Ten years ago this week Chicago mob underboss Anthony (Little Tony) Zizzo disappeared never to be seen again in the wake of an alleged dispute with the Outfit’s newly-appointed acting boss. Zizzo vanished on the afternoon of August 31, 2006 on his way to a suspected sit down on Rush Street, downtown Chicago’s primary nightlife district and long an area tied to mafia activity in the Windy City.
The 71-year old Little Tony is presumed slain, his hit dubbed by many in the local underworld “housecleaning” by Michael (Fat Mike) Sarno following him becoming the Outfit’s day-to-day don upon the incarceration of his predecessor, Zizzo’s close friend and gangland confidant James (Jimmy the Man) Marcello, in the historic Operation Family Secrets case the year before. Informants have told the FBI that shortly after Marcello got locked up in April 2005, Zizzo, his No. 2-in-charge, and Sarno, his replacement, had a falling out over mob-controlled video-poker machine routes.
The sit down Little Tony thought he was headed to the day he went missing, according to these informants, was purportedly to resolve the situation with Sarno. Instead, the Outfit underboss was killed.
As first reported by award-winning Chicago investigative journalist Chuck Goudie of ABC7 television news on Wednesday, the FBI in Illinois is actively seeking fresh tips on the Zizzo case and is offering a $10,000 reward for information that leads to an arrest. Zizzo’s silver-colored Jeep Grand Cherokee was found abandoned in a Melrose Park restaurant parking lot. His father was former Outfit lieutenant Frank (Frankie Cease) Zizzo, who ran a crew watching over Chicago mob activity in Northwest Indiana.
Jimmy Marcello and Tony Zizzo were convicted together in a racketeering case in the 1990s. When they emerged from prison in the early 2000s, they shot to the top of the Outfit pecking order, running daily affairs for the crime family on behalf of Godfather John (Johnny No Nose) DiFronzo. While Marcello was caught up in the Family Secrets case (14 mobsters and mob associates indicted, 18 murders charged) in the spring of 2005, Zizzo was not. Marcello’s absence on the street left Little Tony unprotected.
The FBI names Fat Mike Sarno, Outfit elder stateseman Joseph (Joe the Builder) Andriacchi and current Chicago mob street boss and Grand Avenue crew capo Albert (Albie the Falcon) Vena as “persons of interest” in its’ Zizzo homicide probe. Sarno is in prison on a 2010 extortion conviction. Andriacchi, 83, has overseen Outfit interests on Rush Street for years and can frequently be seen holding court at a number of his favorite haunts like Carmine’s, Rosebud, Gibson’s and Tavern on Rush. Vena, 67, is considered the “most dangerous person in Chicago” by many in law enforcement and has allegedly been the focus of a separate federal inquiry into racketeering on the Windy City’s Westside for the last few years.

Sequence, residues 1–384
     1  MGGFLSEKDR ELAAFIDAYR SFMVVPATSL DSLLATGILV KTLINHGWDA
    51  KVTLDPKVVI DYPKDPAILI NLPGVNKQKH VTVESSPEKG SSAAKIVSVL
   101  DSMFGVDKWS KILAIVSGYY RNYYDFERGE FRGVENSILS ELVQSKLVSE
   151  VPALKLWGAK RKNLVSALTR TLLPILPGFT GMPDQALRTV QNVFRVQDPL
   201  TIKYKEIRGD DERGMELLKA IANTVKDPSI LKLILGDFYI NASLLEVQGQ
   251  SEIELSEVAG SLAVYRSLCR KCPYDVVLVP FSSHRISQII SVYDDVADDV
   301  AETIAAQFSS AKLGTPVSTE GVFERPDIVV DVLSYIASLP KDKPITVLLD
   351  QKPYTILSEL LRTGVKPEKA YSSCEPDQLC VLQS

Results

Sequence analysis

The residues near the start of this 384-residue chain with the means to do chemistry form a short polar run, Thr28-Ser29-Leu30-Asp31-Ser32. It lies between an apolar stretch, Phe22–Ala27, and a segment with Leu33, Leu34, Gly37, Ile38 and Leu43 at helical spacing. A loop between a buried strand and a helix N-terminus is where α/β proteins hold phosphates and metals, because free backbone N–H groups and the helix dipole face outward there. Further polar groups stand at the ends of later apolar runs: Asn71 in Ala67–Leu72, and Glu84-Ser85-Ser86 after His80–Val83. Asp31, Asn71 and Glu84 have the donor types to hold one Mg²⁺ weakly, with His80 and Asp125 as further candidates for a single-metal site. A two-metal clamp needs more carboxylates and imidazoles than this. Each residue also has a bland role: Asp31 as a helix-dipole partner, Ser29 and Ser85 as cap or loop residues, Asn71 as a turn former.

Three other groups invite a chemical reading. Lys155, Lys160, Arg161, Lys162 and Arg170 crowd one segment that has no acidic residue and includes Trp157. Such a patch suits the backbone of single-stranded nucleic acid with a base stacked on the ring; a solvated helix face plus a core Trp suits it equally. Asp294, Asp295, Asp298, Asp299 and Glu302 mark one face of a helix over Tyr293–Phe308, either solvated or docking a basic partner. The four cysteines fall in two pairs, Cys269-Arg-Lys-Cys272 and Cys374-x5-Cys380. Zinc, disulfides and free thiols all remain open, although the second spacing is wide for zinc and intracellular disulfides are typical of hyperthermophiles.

According to one “insider’s account,” Vena lured Zizzo to what he thought was going to be a sit down lunch with Sarno mediated by Andriacchi at a ritzy Rush Street restaurant and used it as a way to orchestrate his slaying. Vena beat a murder rap at trial back in 1995.
John DiFronzo, 87, is retired these days, his Outfit portfolio being looked after by his younger brother and Elmwood Park capo, Peter (Greedy Petey) DiFronzo. Per sources, the modern-day Chicago mob hierarchy consists of Salvatore (Solly D) DeLaurentis as acting boss, Vena as his street boss, Sarno’s former second-in-command Salvatore (Sally Cards) Cataudella holding things down as underboss and DiFronzo family confidant Marco (The Mover) D’Amico performing advisory duties as consigliere.
Andriacchi, per these sources, is described as a “super consigliere,” and popped out of semi-retirement in recent years to help ease the transition from Sarno to DeLaurentis in 2012. In years past, Joe the Builder, sometimes referred to on the street as “Joe the Sledgehammer” has served as capo of the now-defunct Northside crew, Outfit underboss and Outfit street boss in his heavily-respected and lengthy tenure in the mafia in Chicago, per Chicago Crime Commission files.